The Best Chilli Ever

  • Serves10
  • DifficultyEasy
2 Ancho chilli’s
2 Chipotle chilli’s’ (both of these can be ordered online
300ml strong coffee (I use Vietnamese for the extra chocolaty taste)
2-3 tbsp. rapeseed/olive/coconut oil
1 piece of cinnamon bark or two cinnamon sticks
4 fresh bay leaf (fresh is infinitely better)
5 bruised cardamom
250g diced red onion (1 large or two small)
25g fine diced ginger
2 heaped tsp. cumin
2 heaped tsp. smoked paprika
2 heaped tsp. dried oregano or 5 tsp. fresh
2 large medium heat chilli’s fine dice and seeds out
1kg beef chuck/brisket
Seasoning
2 cans tinned toms
1 heaped dessertspoons of muscovado sugar
2 peppers diced
2 cans black beans or kidney beans

The thing that makes this chilli stand out is the smoky authentic taste and it’s beautifully glistening dark red colour, it’s a showstopper. I have people pleading for the recipe all the time, so this will make a lot of people very happy! It’s very important to use the right chillies, you should be able to buy them from a good deli but if not you can buy in bulk from www.coolchile.co.uk – believe me, you will use them. Secondly you must buy the best quality meat you can find. Buy your meat from a well-known ethical butcher (inevitably the taste is better), whose meat is well hung, this makes a big difference.

This chilli gets better in time, so make it well ahead, or even make and freeze. I make batches of the base veg and freeze it, so that all the time consuming prep is done and I just throw in the meat & tomatoes, cook it out and finish off with beans and peppers.

This chilli is flavoursome and spicy. I wouldn’t throw too much poke in at the beginning, if you like a bit of fire, add some more fresh chilli at the end.

Serve this dish with rice or jacket potato, fresh coriander, cheddar cheese, sour cream and jalapeno peppers.

To start, soak your dried chilli’s in the coffee for at least a couple of hours, you can do this the night before or if you forget, get them in the coffee and on the stove, gently boil them and they’ll soften up. When soft, fish them out, fine dice and keep the coffee to one side.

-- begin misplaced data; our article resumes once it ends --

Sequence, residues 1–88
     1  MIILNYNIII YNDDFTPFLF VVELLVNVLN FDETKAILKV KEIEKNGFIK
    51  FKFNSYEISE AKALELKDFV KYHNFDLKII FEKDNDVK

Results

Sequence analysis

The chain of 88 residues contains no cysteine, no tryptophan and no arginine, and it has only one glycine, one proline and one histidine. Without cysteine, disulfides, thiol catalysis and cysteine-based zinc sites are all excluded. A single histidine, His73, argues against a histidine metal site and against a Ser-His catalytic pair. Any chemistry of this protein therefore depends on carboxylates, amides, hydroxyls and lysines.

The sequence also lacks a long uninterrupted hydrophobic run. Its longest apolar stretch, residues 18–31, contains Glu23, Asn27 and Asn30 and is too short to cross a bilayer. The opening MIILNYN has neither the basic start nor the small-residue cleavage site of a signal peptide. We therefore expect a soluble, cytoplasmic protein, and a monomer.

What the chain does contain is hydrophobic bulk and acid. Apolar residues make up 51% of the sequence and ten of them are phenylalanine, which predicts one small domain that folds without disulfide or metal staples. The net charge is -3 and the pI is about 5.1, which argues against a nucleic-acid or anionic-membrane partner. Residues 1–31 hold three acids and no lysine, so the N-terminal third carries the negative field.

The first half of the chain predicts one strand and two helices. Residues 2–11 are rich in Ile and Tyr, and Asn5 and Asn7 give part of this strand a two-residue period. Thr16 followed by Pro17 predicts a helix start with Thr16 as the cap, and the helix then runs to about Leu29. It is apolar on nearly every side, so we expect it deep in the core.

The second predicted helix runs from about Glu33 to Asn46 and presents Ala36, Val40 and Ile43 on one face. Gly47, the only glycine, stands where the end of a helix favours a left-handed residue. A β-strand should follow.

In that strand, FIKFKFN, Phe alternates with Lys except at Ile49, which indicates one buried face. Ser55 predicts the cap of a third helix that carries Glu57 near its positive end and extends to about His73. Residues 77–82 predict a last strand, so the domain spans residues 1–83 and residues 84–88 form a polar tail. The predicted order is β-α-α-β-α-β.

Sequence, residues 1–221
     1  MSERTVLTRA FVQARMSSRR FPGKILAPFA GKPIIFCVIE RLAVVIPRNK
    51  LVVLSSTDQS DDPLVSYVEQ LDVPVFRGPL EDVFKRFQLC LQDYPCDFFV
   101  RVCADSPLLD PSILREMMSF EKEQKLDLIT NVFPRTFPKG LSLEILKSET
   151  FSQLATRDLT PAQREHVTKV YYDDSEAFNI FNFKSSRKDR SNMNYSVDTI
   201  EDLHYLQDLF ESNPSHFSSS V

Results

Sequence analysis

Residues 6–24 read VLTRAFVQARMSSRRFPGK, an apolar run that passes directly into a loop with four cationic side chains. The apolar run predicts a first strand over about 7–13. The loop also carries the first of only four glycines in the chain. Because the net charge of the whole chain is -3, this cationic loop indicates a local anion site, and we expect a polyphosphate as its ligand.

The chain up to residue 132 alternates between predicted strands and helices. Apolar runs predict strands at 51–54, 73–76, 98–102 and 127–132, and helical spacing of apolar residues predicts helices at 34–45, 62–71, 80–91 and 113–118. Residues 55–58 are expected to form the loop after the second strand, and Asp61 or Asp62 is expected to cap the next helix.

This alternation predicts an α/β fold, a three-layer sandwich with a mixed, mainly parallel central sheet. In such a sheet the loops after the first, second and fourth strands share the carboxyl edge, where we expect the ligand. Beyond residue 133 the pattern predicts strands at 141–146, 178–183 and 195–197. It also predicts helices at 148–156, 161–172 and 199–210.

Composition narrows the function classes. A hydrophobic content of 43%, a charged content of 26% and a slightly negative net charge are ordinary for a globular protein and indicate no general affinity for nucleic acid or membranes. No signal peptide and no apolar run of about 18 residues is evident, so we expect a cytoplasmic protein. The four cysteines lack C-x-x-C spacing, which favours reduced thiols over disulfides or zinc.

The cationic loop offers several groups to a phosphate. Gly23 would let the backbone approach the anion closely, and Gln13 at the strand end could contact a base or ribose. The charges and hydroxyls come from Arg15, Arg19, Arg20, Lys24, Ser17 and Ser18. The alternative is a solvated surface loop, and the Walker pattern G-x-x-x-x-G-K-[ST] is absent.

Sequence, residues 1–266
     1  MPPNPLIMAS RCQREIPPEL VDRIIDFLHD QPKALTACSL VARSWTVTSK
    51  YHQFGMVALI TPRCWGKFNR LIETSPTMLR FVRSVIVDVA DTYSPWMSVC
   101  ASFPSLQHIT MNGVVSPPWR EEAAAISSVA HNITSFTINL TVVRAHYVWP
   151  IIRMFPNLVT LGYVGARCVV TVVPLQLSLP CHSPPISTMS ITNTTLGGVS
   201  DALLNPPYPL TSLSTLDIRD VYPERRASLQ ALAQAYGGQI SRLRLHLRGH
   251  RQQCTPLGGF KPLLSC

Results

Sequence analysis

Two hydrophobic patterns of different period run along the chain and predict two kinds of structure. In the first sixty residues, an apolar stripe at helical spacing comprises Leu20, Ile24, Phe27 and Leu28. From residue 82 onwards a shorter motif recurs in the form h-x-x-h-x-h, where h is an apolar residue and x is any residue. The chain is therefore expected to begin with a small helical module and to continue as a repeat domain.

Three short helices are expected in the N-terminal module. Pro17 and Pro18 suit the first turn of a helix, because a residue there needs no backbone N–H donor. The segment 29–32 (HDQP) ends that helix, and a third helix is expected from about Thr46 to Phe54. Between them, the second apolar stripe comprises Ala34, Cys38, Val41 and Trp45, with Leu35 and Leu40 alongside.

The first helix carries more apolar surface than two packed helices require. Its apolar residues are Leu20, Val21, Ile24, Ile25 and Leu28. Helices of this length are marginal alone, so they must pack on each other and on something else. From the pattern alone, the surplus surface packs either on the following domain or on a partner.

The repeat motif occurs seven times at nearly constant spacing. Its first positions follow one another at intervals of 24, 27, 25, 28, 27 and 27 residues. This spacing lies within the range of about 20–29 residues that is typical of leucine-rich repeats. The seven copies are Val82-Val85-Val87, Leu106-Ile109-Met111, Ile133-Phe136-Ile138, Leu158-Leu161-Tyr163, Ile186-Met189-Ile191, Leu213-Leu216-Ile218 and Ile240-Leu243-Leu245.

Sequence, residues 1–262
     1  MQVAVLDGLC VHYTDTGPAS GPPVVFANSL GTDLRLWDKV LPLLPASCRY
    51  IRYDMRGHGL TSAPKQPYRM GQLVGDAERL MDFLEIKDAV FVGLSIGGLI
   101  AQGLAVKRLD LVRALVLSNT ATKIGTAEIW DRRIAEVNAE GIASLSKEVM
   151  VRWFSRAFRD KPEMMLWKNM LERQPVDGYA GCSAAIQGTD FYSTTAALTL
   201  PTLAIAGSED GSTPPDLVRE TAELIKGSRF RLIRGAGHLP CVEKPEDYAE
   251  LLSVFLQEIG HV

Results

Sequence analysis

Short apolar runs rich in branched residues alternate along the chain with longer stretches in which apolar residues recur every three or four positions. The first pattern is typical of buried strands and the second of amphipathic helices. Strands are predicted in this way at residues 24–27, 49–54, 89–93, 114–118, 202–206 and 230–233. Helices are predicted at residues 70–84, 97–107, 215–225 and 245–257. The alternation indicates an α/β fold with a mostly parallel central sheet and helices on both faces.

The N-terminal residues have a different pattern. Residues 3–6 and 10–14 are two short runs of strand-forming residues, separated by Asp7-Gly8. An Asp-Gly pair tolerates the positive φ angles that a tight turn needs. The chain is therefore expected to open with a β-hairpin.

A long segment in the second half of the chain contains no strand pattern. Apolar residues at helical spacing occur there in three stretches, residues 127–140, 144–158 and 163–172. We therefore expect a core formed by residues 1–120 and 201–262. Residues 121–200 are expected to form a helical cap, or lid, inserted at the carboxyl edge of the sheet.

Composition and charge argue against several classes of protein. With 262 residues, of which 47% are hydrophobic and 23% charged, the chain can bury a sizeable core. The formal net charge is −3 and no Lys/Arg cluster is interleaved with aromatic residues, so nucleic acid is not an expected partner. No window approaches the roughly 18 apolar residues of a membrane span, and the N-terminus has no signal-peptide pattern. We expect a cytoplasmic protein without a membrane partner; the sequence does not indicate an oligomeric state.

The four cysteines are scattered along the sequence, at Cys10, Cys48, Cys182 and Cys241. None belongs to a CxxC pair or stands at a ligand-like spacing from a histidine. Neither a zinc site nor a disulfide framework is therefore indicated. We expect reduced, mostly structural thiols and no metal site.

In a heavy based large pan, gently heat the oil; add the cinnamon, bay leaf and cardamom.

When you can smell the aromas add the red onion, ginger, cumin, smoked paprika, oregano, fresh chilli and the re-constituted diced chilli with a little coffee to lubricate. Give this a good stir, turn the heat right down and add some baking paper over the top (a cartouche) and a lid. This bit is very important – by very slowly sweating this base of veg and spices off, you bring out all the lovely flavours and sugars – this provides the base to your chilli. Cook for 10-20 mins, checking occasionally that it’s not catching on the bottom, if it is then your heat is too high.

Meanwhile, heavily season your meat on all sides. Put a heavy based frying pan on the highest heat and get your extraction on or windows open! When the pan is smoking carefully add the meat – do this in two batches as to not over crowd the pan. Keep it on and turn until the meat is well caramelised on all sides. The lovely dark colour will add more flavour to the dish.

When the meat is ready, remove the lid and cartouche and add it to base veg with the rest of the coffee, tinned toms and the muscovado. Stir, replace the cartouche and lid and cook on a very low heat for 3 hours or until the meat is soft and falling apart – if your meat has been well hung, this process will not take as long. Check and stir occasionally.

Once you’re happy with the meat and you have an amazing colour juice and beautiful meaty flavour – chuck in your peppers and beans, check the seasoning, but you shouldn’t have to add anything – simmer for 10-15 mins and the chilli is done!

As Nan would say, “and the best of British luck!”

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